Mongolian Death Worm
The Mystery of the strange Mongolian Death Worm of the Gobi desert, where tales are told of a large worm that can kill from several metres using an acid like spray that causes paralysis and death.
The Mongolian Death Worm, alternatively called 'intestine worm' as it resembles a cow's intestine, is supposedly a native of the Gobi desert. The creature has not been captured, and its existence is almost all mythology and folklore from the area.
Killer sand worms? It sounds familiar (Dune?) and mainstream science has long thought of the worm as nothing more than a colourful myth. Apart from the sightings, there is no other evidence known.
The first written reference appears in Professor Roy Chapman Andrews' 1926 book "On the Trail of Ancient Man", although he was not entirely convinced by the tales of the monster he heard at a gathering of Mongolian officials: 'None of those present ever had seen the creature, but they all firmly believed in its existence and described it minutely.'
Czech Explorer Ivan Mackerle wrote:
"Sausage-like worm over half a metre (20 inches) long, and thick as a man's arm, resembling the intestine of cattle. Its tail is short, as [if] it were cut off, but not tapered. It is difficult to tell its head from its tail because it has no visible eyes, nostrils or mouth. Its colour is dark red, like blood or salami. It moves in odd ways - either it rolls around or squirms sideways, sweeping its way about. It lives in desolate sand dunes and in the hot valleys of the Gobi desert with saxaul plants underground. It is possible to see it only during the hottest months of the year, June and July; later it burrows into the sand and sleeps. It gets out on the ground mainly after the rain, when the ground is wet. It is dangerous because it can kill people and animals instantly at a range of several metres."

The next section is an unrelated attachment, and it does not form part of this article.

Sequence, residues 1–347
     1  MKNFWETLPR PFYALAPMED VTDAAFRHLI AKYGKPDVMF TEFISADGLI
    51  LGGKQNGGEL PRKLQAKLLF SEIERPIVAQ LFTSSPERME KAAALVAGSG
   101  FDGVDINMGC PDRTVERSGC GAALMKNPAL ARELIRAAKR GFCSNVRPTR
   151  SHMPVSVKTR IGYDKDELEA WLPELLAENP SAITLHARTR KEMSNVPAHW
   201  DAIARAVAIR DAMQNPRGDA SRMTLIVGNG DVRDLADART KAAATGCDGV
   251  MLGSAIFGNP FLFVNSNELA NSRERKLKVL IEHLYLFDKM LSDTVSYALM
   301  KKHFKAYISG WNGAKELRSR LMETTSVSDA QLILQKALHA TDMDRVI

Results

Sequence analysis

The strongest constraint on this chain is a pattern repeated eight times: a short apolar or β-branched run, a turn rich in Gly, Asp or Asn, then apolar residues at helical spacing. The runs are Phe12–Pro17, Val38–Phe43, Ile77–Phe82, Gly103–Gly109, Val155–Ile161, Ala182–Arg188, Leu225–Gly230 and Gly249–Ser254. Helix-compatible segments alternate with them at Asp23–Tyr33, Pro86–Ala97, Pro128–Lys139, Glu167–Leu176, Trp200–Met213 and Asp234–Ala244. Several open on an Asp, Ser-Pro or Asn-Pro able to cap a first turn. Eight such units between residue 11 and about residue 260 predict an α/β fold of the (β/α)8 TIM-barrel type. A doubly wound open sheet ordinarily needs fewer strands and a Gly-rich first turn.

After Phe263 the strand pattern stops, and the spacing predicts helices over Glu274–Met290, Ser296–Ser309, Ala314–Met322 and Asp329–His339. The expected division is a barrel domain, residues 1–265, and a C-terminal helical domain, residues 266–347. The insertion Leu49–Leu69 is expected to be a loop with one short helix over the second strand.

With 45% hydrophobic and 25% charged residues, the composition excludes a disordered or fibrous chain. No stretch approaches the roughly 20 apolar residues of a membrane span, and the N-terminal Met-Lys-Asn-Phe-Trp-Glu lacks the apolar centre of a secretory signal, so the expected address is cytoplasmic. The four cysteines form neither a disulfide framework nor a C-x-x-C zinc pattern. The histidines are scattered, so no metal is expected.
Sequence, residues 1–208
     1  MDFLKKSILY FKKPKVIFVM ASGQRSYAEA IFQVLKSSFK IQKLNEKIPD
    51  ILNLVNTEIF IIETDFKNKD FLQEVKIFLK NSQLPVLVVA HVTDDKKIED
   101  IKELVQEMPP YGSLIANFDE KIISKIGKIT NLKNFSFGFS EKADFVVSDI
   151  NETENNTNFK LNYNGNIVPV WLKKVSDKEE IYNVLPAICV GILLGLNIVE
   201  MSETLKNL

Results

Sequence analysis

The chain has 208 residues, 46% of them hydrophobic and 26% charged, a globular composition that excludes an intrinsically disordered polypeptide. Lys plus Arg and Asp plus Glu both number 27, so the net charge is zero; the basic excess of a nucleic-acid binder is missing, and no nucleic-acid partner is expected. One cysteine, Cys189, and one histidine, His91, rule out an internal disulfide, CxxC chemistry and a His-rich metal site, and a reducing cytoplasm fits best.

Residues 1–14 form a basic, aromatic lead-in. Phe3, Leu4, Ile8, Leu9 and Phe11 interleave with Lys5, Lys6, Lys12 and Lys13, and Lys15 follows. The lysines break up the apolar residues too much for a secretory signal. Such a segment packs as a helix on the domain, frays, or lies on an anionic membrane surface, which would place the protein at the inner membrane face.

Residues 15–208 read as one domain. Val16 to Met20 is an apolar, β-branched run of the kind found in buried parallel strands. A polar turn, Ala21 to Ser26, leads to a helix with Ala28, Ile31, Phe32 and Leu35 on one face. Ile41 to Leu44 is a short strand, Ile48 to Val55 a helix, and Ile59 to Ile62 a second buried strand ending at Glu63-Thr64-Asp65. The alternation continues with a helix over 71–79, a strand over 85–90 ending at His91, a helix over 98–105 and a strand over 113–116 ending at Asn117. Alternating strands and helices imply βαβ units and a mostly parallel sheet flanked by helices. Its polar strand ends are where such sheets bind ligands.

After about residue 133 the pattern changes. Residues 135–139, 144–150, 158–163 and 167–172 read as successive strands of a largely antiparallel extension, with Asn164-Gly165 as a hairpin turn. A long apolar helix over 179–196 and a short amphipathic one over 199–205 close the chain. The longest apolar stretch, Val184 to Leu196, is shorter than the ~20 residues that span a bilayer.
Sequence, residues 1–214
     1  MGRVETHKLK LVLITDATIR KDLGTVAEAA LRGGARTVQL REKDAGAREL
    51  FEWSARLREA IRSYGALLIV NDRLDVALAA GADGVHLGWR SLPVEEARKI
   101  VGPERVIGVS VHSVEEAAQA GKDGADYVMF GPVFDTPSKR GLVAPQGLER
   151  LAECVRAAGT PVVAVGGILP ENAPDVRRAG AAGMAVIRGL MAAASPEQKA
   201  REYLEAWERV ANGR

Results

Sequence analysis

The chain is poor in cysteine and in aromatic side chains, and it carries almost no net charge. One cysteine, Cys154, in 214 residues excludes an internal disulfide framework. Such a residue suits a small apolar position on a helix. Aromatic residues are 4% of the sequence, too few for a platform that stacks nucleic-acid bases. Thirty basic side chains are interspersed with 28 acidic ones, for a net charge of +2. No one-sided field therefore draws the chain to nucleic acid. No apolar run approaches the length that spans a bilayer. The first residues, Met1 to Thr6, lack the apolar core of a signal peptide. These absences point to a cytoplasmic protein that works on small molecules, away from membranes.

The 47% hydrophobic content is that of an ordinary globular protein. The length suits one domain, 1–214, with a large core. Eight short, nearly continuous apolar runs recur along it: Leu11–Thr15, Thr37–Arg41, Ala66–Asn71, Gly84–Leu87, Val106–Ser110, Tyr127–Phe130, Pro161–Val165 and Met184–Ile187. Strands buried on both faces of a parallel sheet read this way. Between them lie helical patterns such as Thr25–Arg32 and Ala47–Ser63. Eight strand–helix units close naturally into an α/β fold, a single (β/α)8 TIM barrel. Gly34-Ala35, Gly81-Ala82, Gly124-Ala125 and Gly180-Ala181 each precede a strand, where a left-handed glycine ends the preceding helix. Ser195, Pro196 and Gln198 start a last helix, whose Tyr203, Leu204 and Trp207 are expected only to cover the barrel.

According to local legends, the creature lives under the sand and is able to spray an acid like liquid that causes paralysis and death. It is also claimed that this creature has the ability to kill from a distance with some sort of electrical discharge. Numerous Mongolians have reported seeing this creature including a Mongolian Premier. Those who claim to have seen the worm have described it as being deep red in colour and measuring between two and five feet long.
Possible related animals
Electric Eels are long worm-like creatures that can generate electric discharges powerful enough to disable or kill prey. They are not true eels, they are only eel-like in shape and are part of the knife fish family. Unlike many fish, the knife fish is an obligate air-breather. It rises to the surface every 10 minutes or so to gulp air before going back underwater. This would indicate that a possible evolution branch could exist on land.
There are snakes (i.e. Spitting Cobra) that spray venom in the eyes of prey and it is highly accurate to a distance of 10 feet.
Operation Death Worm
In 2005 a scientific expedition by British scientists, led by cryptozoologist Richard Freeman, went on a mission to discover some solid scientific evidence for the existence of the Death Worm.
After four weeks in the desert, the group said they were convinced that the worm really does exist. "Every eyewitness account and story we have heard describes exactly the same thing: a red-brown worm-like snake, approximately two feet long and two inches thick with no discernible head or tail".
The team did not find any trace of the Death Worm, however, they did discover two animals previously unknown to science: a dragon-like lizard and a two-meter-long horned snake.